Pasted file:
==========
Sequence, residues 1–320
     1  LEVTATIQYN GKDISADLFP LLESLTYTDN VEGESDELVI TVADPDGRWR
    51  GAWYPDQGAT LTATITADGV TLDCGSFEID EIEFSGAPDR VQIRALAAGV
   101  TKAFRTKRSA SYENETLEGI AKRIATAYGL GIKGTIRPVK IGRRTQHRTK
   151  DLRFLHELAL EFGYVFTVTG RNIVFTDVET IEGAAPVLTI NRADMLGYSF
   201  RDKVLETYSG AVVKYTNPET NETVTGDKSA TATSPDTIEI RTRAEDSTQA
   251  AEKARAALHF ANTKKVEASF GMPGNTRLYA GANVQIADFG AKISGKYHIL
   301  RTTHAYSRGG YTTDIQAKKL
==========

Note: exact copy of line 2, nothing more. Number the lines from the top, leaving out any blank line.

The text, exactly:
     1  LEVTATIQYN GKDISADLFP LLESLTYTDN VEGESDELVI TVADPDGRWR